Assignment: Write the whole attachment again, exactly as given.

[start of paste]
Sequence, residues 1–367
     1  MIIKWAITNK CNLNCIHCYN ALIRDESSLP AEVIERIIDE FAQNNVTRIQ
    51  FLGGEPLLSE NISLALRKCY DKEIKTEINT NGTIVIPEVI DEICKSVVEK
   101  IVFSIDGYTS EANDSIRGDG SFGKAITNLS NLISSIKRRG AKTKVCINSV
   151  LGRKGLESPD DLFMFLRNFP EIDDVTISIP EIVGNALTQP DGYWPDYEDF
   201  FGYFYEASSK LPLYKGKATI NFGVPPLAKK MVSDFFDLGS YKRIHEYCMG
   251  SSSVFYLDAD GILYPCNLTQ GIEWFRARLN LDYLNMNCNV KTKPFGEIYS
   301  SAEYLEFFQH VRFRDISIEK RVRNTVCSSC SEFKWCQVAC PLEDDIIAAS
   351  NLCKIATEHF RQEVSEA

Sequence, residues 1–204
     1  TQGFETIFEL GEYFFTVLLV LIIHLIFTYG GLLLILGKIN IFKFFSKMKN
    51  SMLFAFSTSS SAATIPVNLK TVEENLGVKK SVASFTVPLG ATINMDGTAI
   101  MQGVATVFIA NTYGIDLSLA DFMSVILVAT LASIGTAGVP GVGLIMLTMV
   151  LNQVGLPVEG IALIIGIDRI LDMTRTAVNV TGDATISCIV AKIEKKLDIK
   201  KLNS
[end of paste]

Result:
Sequence, residues 1–367
     1  MIIKWAITNK CNLNCIHCYN ALIRDESSLP AEVIERIIDE FAQNNVTRIQ
    51  FLGGEPLLSE NISLALRKCY DKEIKTEINT NGTIVIPEVI DEICKSVVEK
   101  IVFSIDGYTS EANDSIRGDG SFGKAITNLS NLISSIKRRG AKTKVCINSV
   151  LGRKGLESPD DLFMFLRNFP EIDDVTISIP EIVGNALTQP DGYWPDYEDF
   201  FGYFYEASSK LPLYKGKATI NFGVPPLAKK MVSDFFDLGS YKRIHEYCMG
   251  SSSVFYLDAD GILYPCNLTQ GIEWFRARLN LDYLNMNCNV KTKPFGEIYS
   301  SAEYLEFFQH VRFRDISIEK RVRNTVCSSC SEFKWCQVAC PLEDDIIAAS
   351  NLCKIATEHF RQEVSEA

Sequence, residues 1–204
     1  TQGFETIFEL GEYFFTVLLV LIIHLIFTYG GLLLILGKIN IFKFFSKMKN
    51  SMLFAFSTSS SAATIPVNLK TVEENLGVKK SVASFTVPLG ATINMDGTAI
   101  MQGVATVFIA NTYGIDLSLA DFMSVILVAT LASIGTAGVP GVGLIMLTMV
   151  LNQVGLPVEG IALIIGIDRI LDMTRTAVNV TGDATISCIV AKIEKKLDIK
   201  KLNS